The nice thing about being able to make a cauliflower cheese from scratch, apart from the obvious taste one, is that you can make exactly as much as you need. You don’t have to cook an entire fresh cauliflower and frozen also works well, so once you know how to make up the right amount of sauce and the various things you can add, you’re sorted.
Cauliflower (I cut a whole one into fairly large florets so they’d take longer to cook and not go to mush)
Butter (no more than 25g, probably half that unless you’re making loads of sauce)
Milk (any kind – I used about 250ml between 2 medium dishes)
Plain flour, a spoonful or two depending on how much sauce you want. I used 2 rounded cereal spoons for a thicker coating sauce.
Salt & pepper to taste
Cheese: grate as much as you want, depending on how cheesy you want the sauce. Save some grated cheese to sprinkle on the top.
The basic sauce, before you add cheese, is a bechamel, to which you can add nutmeg if you want. I didn’t.
Breadcrumbs – adds crunch to the topping, although I don’t usually add them
Onions, leeks, celery – anything like that can be sautéed and mixed gently with the cooked cauliflower before coating it with the sauce.
Broccoli – you can substitute or add broccoli to this recipe if you prefer. The method’s exactly the same.
Mustard / mustard powder – I like using a generous spoonful of whole grain mustard in my cheese sauces, but you could use dry mustard powder mixed with the cheese that you sprinkle on the top.
The higher the fat content of the milk, the creamier the end result so for a really nice sauce for a special meal, use full cream milk, or you could stir in a couple of tablespoons of cream.
Method, with notes for the novice.
Preheat your oven to Gas 6 / 200C / 400F
Prepare the cauliflower, if whole and fresh, by cutting it into individual florets, trying to keep them broadly the same size. Cook it however you want to do that (cauliflower can be boiled, steamed and probably cooked all sorts of other ways); I did mine in a pan of boiling water until poking it with a sharp knife showed that it was softened on the outside but not mushy. Drain the cauliflower in a colander and then put it back on the saucepan on the hob, without heat, so that it will drain well and allow some evaporation. Watery cauliflower will ruin your sauce while it’s in the oven so it’s worth allowing the heat from the oven to help things along, without continuing to cook the cauliflower.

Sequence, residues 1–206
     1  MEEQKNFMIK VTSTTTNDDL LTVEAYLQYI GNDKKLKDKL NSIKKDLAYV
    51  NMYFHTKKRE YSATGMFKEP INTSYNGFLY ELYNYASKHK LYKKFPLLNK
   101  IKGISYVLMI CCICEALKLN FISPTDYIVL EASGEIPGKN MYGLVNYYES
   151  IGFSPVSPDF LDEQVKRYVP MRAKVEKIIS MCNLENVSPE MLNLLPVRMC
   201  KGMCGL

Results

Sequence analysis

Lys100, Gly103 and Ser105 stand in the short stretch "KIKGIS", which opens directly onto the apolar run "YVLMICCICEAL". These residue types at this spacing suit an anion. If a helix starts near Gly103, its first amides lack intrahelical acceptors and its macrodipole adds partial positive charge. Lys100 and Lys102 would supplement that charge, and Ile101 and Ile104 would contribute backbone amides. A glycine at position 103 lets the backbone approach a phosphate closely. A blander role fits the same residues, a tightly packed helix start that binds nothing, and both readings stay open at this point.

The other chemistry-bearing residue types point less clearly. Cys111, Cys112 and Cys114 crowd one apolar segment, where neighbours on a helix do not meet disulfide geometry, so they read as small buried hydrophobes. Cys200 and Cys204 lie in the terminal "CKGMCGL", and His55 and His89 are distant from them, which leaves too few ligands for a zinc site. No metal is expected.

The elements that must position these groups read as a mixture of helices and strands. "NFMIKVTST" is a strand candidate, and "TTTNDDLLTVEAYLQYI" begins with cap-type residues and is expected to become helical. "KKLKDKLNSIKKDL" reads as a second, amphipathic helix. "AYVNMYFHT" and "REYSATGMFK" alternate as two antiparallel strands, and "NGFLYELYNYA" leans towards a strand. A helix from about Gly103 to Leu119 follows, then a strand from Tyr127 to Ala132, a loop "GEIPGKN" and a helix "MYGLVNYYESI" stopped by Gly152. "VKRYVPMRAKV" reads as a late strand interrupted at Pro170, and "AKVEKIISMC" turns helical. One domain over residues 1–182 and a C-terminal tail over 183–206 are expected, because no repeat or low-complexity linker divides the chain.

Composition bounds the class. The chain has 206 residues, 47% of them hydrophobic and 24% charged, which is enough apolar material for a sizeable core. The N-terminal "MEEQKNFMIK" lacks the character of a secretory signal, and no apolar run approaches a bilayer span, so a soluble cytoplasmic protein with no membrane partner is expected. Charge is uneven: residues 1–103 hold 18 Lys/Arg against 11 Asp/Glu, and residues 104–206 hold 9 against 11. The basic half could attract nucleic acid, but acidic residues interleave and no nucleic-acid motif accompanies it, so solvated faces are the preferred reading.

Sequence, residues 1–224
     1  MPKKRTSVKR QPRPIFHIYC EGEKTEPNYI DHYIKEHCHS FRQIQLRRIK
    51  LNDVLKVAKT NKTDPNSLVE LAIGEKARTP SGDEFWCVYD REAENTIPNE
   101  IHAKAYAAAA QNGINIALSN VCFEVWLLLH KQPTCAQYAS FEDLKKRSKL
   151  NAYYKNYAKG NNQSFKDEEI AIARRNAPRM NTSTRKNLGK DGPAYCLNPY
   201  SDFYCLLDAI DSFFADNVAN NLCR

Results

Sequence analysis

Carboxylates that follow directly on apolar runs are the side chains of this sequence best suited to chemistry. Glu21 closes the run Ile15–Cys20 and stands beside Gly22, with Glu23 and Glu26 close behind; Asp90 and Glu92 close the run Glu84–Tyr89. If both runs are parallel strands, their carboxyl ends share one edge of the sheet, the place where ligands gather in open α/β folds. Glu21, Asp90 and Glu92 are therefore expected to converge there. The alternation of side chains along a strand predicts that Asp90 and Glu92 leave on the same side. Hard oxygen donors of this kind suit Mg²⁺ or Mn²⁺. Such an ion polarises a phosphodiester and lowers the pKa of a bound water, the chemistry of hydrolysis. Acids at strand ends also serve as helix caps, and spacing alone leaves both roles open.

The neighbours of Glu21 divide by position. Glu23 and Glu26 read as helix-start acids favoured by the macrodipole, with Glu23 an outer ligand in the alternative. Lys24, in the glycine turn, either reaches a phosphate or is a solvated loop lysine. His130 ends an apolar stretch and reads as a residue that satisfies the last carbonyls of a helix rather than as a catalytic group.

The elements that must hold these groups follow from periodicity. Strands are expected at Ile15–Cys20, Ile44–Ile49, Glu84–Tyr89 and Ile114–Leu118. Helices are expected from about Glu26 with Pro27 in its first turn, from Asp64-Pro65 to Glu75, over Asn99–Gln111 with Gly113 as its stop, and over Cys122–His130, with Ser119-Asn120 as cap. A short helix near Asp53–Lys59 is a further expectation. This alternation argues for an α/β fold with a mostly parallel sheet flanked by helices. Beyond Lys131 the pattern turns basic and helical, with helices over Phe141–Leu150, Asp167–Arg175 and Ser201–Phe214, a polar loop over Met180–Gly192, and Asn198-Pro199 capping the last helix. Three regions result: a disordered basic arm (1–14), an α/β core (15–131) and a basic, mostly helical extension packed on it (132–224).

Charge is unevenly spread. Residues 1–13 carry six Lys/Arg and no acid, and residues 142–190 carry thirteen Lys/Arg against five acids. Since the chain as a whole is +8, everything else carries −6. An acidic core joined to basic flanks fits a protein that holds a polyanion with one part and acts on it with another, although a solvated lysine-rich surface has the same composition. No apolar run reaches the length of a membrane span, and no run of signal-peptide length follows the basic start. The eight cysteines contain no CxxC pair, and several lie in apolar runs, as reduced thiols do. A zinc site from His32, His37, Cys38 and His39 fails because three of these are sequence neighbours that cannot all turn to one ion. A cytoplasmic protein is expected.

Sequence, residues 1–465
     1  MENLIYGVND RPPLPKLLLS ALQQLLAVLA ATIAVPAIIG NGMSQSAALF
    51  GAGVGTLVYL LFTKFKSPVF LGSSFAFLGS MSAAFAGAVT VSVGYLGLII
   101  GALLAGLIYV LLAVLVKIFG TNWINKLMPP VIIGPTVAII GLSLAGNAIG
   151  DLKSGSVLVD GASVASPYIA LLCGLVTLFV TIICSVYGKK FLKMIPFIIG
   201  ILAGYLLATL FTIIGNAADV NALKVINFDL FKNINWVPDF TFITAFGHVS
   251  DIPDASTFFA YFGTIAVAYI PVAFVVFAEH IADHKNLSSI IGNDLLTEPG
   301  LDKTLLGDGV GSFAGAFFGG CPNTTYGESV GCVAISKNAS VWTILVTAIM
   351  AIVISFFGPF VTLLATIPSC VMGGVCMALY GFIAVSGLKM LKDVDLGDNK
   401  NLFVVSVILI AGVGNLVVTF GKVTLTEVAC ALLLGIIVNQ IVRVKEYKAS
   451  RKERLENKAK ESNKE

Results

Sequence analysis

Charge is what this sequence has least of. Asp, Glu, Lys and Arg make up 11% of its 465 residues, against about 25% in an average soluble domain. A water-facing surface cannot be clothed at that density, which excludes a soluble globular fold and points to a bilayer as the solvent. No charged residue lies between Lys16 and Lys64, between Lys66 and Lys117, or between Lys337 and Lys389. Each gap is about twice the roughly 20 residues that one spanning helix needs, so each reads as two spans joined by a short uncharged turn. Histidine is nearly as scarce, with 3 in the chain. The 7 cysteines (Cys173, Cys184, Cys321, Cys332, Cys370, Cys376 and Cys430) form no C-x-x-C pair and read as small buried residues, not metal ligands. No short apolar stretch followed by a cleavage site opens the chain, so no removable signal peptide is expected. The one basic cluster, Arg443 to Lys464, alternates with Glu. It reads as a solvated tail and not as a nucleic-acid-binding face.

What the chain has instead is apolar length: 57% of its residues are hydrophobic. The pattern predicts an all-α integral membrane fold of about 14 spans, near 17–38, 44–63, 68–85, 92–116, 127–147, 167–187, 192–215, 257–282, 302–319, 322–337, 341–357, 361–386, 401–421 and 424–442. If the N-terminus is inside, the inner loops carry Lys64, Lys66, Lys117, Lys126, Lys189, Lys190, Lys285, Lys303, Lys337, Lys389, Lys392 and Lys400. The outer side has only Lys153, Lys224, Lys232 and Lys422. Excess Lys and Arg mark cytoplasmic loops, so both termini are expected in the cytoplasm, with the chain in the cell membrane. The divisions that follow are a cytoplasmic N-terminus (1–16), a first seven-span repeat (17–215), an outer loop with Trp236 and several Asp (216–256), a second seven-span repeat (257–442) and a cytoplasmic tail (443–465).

While I was doing this, I also softened 2 chopped leeks and a small amount of chopped celery in a little olive oil in a small frying pan. Keep a low heat – you’re not actually trying to fry it, just cook it through. When they’re done, remove from the heat and set aside for a moment. This was something I hadn’t tried before (I usually just use white onion) and would count as a surprise if I served it to my family without telling them, hence the name.
Grease a glass or other ovenproof dish. I used a tiny amount of softened butter and a silicone pastry brush – dead easy, works well and cleans beautifully – although I remember my mother used to save butter wrappers in the fridge to use for greasing stuff. I softened the butter by leaving it in a ramekin for a few minutes near the oven, but it’ll microwave in seconds. If you don’t have a pastry brush and you’re using some sort of cooking spread so can’t use a bit of wrapper, take a square of kitchen paper or greaseproof paper, fold it over until you have a thickness you can work with and then just smear some spread on that with a butter knife and work it well over the whole of the inside of the dish to prevent sticking.